(I’ve tried to protect my not-so-innocent child by not referring to him or her by name or gender.)
I’ve tried yelling. I’ve tried ignoring. I’ve tried threatening. I’ve tried guilt tripping.
None of it has worked.
My six year old has spent the last 25 minutes in our tent, losing their mind because they can’t decide whether to wear shorts or pants today.
That’s it. That’s the whole reason our friends, our fellow campers and I’m sure a few wild animals far off in the hills, have heard screams of anger and frustration (from both of us) for the past 25 minutes.
We’re camping with friends in Golden Ears Provincial Park. The weekend has gone quite well; a few minor meltdowns, but nothing more than is to be expected with two six year olds, a five year old and a four year old. Two nights of uneventful (in a good way!) family fun.
Until this morning.
The plan was to go on a hike. And right now, six out of the eight of us, are enjoying a nice hike down by Gold Creek. And the other two of us are sitting at the campsite. I’m sitting at the picnic bench, alternating between writing this and playing solitaire, while my six year old is holed up in our tent, trying to make a decision that is akin (to them) to solving all the world’s problems.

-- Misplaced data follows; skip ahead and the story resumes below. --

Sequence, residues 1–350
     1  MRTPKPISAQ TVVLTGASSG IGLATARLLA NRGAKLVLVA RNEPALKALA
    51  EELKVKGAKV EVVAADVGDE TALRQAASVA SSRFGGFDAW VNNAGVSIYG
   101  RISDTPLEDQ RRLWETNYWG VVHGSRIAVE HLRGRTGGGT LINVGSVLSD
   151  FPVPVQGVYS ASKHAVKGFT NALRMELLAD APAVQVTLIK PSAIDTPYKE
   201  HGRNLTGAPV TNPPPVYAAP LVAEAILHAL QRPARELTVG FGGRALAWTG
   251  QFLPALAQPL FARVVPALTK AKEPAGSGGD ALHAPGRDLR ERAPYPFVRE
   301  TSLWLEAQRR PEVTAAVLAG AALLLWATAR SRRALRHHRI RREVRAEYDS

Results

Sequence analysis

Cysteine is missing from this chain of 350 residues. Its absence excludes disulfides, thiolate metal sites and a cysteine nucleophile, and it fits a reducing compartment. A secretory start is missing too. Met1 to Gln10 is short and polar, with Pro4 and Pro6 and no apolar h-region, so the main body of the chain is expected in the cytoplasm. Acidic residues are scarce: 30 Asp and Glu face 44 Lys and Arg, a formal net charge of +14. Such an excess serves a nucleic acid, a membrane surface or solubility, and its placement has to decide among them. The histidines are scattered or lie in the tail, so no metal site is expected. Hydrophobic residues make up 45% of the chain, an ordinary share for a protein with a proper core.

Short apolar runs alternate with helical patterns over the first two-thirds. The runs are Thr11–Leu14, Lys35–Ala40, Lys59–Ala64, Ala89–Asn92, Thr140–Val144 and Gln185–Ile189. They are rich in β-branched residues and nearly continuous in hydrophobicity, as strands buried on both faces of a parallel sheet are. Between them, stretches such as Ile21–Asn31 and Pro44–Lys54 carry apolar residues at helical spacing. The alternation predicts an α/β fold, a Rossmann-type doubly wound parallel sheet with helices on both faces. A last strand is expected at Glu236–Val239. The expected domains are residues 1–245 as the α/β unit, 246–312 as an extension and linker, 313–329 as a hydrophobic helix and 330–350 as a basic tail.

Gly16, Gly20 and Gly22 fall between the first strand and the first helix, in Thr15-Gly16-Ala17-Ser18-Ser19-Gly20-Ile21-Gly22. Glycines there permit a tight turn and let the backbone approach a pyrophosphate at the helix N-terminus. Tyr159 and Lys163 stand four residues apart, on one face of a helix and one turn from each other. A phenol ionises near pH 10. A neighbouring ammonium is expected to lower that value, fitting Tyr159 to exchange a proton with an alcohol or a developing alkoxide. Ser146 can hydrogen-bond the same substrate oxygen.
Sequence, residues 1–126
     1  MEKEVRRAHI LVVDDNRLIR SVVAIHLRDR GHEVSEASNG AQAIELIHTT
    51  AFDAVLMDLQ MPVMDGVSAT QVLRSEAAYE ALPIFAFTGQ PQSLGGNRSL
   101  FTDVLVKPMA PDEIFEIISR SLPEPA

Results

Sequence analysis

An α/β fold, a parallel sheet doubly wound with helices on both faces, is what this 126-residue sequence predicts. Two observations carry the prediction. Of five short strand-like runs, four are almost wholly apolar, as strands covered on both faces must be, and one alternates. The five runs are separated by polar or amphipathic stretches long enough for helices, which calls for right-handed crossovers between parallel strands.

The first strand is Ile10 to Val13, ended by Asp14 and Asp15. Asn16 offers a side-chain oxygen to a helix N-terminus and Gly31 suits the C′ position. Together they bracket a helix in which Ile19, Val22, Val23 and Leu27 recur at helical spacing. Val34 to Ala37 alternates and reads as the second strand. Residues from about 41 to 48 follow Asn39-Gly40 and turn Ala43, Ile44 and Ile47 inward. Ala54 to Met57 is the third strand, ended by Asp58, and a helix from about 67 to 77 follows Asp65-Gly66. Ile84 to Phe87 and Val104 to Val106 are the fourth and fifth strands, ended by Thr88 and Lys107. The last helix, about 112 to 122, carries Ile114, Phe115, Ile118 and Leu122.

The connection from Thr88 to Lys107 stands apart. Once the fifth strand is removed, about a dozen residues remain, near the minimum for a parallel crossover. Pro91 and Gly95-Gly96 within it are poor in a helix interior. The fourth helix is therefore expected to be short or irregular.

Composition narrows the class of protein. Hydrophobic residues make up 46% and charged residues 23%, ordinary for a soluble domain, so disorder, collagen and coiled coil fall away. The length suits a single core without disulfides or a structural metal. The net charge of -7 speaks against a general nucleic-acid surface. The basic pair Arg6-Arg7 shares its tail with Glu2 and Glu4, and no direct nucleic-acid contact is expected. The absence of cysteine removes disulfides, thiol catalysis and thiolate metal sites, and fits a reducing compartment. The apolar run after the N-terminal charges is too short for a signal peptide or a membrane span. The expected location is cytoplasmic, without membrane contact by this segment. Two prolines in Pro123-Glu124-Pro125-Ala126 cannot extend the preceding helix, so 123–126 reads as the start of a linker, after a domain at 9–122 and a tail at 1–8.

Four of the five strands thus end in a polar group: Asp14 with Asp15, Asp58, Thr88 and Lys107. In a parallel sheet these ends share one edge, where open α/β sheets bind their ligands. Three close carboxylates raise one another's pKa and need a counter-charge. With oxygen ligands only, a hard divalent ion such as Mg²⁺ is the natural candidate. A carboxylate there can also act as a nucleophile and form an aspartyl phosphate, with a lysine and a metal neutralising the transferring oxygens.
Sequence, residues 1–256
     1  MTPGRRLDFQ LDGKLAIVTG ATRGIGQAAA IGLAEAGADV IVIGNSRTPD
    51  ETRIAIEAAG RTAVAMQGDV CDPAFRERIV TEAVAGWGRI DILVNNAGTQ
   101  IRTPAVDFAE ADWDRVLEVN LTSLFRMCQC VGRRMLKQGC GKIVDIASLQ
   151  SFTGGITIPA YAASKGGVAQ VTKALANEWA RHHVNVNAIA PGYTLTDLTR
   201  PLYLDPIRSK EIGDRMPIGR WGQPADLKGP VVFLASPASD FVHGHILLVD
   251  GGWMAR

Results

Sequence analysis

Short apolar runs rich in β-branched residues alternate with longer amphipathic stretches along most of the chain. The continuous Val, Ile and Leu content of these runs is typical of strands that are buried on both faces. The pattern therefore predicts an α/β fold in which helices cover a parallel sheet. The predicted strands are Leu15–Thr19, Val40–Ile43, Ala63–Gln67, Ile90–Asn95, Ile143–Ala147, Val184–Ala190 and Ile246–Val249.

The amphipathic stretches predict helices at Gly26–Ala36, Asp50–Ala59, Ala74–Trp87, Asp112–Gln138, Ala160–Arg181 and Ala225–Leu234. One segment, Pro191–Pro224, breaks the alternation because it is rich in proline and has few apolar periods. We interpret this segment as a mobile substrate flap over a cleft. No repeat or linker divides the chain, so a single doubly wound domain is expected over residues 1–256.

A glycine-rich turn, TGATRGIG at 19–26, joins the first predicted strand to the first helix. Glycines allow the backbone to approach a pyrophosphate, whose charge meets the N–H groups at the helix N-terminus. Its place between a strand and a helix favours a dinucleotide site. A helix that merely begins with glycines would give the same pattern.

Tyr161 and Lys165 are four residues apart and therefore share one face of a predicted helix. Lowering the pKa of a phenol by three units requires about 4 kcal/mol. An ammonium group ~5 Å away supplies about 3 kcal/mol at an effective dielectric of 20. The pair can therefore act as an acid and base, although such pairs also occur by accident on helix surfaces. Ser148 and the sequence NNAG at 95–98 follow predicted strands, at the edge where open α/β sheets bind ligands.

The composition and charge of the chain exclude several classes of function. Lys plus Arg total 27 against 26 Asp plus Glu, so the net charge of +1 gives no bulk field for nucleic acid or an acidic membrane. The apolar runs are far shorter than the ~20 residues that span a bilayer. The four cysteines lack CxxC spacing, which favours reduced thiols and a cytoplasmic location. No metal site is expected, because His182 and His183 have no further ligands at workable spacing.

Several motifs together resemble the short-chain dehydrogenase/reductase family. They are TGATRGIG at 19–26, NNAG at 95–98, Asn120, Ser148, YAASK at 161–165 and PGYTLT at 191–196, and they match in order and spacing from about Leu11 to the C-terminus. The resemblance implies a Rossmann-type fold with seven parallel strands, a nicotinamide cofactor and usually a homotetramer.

For whatever reason, deciding between shorts and pants has been the downfall this morning. Mark, my husband, and I both went into the tent multiple times to help them decide.
“Wear shorts. Everyone else is.”
“I’ll be too cold.”
“Then wear pants.”
“What if I get too hot?”
“We can roll up your pants.”
“I don’t like pants rolled up.”
“Then wear pants and bring shorts and if you get too hot, you can change.”
“Where would I change? There’s no change room.”
“You can change in the bushes.”
“Someone will see me.”
“We’ll hide you and make sure no one sees you.”
That won’t work because the animals will still see me.”
“Then just wear shorts right now.”
“I’ll be too cold.”
And around and around and around we go…
I finally told the rest of them to leave. So they’re out on the last day of our camping vacation, enjoying a scenic hike, while I wrap it up like this… Knowing there is a ticking time bomb inside our tent, waiting for it to explode (again!) at the slightest provocation.
Since I’ve already yelled, ignored, threatened and guilt tripped, I’ll do all that’s left… Watch the time pass by and wait it out.
50 minutes in and the standoff continues….
After almost an hour, the time bomb finally emerged from the tent, in shorts, and (amazingly!) ready to apologize.